42nd Mersenne Prime (Probably) Discovered

Less than a year after the 41st Mersenne prime was reported (MathWorld headline news: June 1, 2004), Great Internet Mersenne Prime Search (GIMPS) project organizer George Woltman is reporting in a Feb. 18 email to the GIMPS mailing list that a new Mersenne number has been flagged as prime and reported to the project’s server. If verified, this would be the 42nd known Mersenne prime, as well as the largest prime number known of any kind.

Mersenne numbers are numbers of the form Mn = 2n – 1, giving the first few as 1, 3, 7, 15, 31, 63, 127, …. Interestingly, the definition of these numbers therefore means that the nth Mersenne number is simply a string of n 1s when represented in binary. For example, M7 = 27 – 1 = 127 = 11111112 is a Mersenne number. In fact, since 127 is also prime, 127 is also a Mersenne prime.

The study of such numbers has a long and interesting history,
and the search for Mersenne numbers that are prime has been
a computationally challenging exercise requiring the world’s
fastest computers. Mersenne primes are intimately connected
with so-called perfect numbers,
which were extensively studied by the ancient Greeks, including by
Euclid. A complete list of indices n of the previously known
Mersenne primes is given in the table below (as well as by sequence href=”http://www.research.att.com/cgi-bin/access.cgi/as/njas/sequences/eisA.cgi?Anum=000043″
target=”_blank”>A000043 in Neil Sloane’s On-Line Encyclopedia
of Integer Sequences
). The last of these has a whopping 7,235,733
decimal digits. However, note that the
region between the 39th and 40th known Mersenne primes has not
been completely searched, so it is not known if M style=”vertical-align:sub, font-size:10pt;”>20,996,011

is actually the 40th Mersenne prime.

















































































































































































































# p digits year discoverer (reference)
1 2 1 antiquity
2 3 1 antiquity
3 5 2 antiquity
4 7 3 antiquity
5 13 4 1461 Reguis 1536, Cataldi 1603
6 17 6 1588 Cataldi 1603
7 19 6 1588 Cataldi 1603
8 31 10 1750 Euler 1772
9 61 19 1883 Pervouchine 1883, Seelhoff 1886
10 89 27 1911 Powers 1911
11 107 33 1913 Powers 1914
12 127 39 1876 Lucas 1876
13 521 157 1952 Lehmer 1952-3, Robinson 1952
14 607 183 1952 Lehmer 1952-3, Robinson 1952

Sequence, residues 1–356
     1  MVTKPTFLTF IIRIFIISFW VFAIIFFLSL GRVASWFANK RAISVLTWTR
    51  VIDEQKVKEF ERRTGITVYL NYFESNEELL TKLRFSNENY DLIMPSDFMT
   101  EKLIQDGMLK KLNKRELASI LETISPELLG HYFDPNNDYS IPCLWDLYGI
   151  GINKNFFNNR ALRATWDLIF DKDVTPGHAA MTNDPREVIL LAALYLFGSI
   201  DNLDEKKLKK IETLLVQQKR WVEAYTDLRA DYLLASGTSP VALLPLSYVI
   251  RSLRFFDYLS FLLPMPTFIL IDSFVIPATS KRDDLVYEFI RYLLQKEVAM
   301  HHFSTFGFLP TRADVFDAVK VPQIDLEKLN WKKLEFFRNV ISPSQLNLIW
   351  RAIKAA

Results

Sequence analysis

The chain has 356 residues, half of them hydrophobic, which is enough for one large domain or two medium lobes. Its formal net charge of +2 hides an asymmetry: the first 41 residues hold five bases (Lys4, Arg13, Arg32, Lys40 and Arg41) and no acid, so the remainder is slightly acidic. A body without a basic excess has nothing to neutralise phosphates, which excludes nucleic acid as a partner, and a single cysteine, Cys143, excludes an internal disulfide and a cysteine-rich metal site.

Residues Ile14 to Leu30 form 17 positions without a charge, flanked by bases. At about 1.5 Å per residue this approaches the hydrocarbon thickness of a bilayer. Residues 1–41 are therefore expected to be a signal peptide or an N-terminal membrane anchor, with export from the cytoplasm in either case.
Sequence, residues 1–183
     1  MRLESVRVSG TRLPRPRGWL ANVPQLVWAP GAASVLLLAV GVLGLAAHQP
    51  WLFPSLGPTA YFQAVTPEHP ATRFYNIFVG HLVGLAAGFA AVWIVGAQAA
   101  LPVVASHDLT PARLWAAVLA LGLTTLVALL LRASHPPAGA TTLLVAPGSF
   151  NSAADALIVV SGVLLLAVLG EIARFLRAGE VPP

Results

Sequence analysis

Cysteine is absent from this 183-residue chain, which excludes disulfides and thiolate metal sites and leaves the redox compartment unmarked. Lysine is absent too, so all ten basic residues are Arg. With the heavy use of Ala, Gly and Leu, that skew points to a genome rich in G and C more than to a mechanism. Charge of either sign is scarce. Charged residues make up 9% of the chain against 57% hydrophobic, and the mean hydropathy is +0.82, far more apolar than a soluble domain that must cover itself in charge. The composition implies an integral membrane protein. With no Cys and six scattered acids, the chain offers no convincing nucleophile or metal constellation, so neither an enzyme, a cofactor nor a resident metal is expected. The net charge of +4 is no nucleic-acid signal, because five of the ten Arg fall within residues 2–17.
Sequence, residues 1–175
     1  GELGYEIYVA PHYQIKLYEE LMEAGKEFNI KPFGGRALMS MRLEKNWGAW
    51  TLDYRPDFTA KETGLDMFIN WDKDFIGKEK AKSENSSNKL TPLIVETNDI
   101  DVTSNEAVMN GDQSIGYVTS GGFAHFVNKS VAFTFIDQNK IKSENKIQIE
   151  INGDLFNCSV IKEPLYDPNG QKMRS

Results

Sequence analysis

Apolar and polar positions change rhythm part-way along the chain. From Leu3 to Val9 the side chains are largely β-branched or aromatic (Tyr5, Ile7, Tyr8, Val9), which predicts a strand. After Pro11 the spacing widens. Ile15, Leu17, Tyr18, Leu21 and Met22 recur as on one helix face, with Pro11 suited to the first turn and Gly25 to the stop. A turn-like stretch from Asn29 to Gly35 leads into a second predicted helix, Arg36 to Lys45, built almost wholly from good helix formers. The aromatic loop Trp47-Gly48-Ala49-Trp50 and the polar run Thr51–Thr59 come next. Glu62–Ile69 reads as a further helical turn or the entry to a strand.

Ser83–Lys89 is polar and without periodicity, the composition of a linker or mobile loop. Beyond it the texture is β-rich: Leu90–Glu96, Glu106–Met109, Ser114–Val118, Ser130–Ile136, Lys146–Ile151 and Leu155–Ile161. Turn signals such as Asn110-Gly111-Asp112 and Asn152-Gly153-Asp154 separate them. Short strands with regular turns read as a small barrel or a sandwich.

15 1279 386 1952 Lehmer 1952-3, Robinson 1952
16 2203 664 1952 Lehmer 1952-3, Robinson 1952
17 2281 687 1952 Lehmer 1952-3, Robinson 1952
18 3217 969 1957 Riesel 1957
19 4253 1281 1961 Hurwitz 1961
20 4423 1332 1961 Hurwitz 1961
21 9689 2917 1963 Gillies 1964
22 9941 2993 1963 Gillies 1964
23 11213 3376 1963 Gillies 1964
24 19937 6002 1971 Tuckerman 1971
25 21701 6533 1978 Noll and Nickel 1980
26 23209 6987 1979 Noll 1980
27 44497 13395 1979 Nelson and Slowinski 1979
28 86243 25962 1982 Slowinski 1982
29 110503 33265 1988 Colquitt and Welsh 1991
30 132049 39751 1983 Slowinski 1988
31 216091 65050 1985 Slowinski 1989
32 756839 227832 1992 Gage and Slowinski 1992
33 859433 258716 1994 Gage and Slowinski 1994
34 1257787 378632 1996 Slowinski and Gage
35 1398269 420921 1996 Armengaud, Woltman, et al.
36 2976221 895832 1997 Spence, Woltman, GIMPS (Devlin 1997)
37 3021377 909526 1998 Clarkson, Woltman, Kurowski, GIMPS
38 6972593 2098960 1999 Hajratwala, Woltman, Kurowski, GIMPS
39 13466917 4053946 2001 Cameron, Woltman, GIMPS (Whitehouse 2001, Weisstein 2001ab)
40? 20996011 6320430 2003 Shafer, GIMPS (Weisstein 2003ab)
41? 24036583 7235733 2004 Findley, GIMPS (Weisstein 2004)
42? ? <10000000 2005 GIMPS

The eight largest known Mersenne primes (including the latest candidate)
have all been discovered by GIMPS, which is a distributed computing
project being undertaken by an international collaboration of volunteers.
Thus far, GIMPS participants have tested and double-checked all exponents
n below 9,889,900, while all exponents below 14,135,900 have been
tested at least once. Although the candidate prime was flagged prime by
an experienced GIMPS volunteer, it has yet to be verified by independent
software running on different hardware. If confirmed, GIMPS will make
an official press release that will reveal the number and the name of
the lucky discoverer.

While the exact exponent of the new find has not yet been made public,
GIMPS organizer George Woltman reported that if the new candidate is
confirmed, it would be the largest known prime, which would mean it has
7,235,733 or more digits. Woltman also noted that it has fewer than
10 million digits (a holy grail for prime searchers), meaning that the
new candidate has exponent n somewhere between 24,036,584 and
33,219,253. Woltman is currently attempting to reproduce the find from
the user's save file, thus eliminating any chance of the report
being erroneous.

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